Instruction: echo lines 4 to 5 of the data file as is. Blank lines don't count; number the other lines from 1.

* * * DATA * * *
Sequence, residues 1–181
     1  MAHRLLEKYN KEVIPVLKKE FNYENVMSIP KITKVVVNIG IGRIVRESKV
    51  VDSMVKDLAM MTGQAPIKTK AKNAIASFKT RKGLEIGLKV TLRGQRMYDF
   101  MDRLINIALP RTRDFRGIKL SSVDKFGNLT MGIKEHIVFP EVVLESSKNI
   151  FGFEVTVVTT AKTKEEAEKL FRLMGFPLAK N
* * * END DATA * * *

   101  MDRLINIALP RTRDFRGIKL SSVDKFGNLT MGIKEHIVFP EVVLESSKNI
   151  FGFEVTVVTT AKTKEEAEKL FRLMGFPLAK N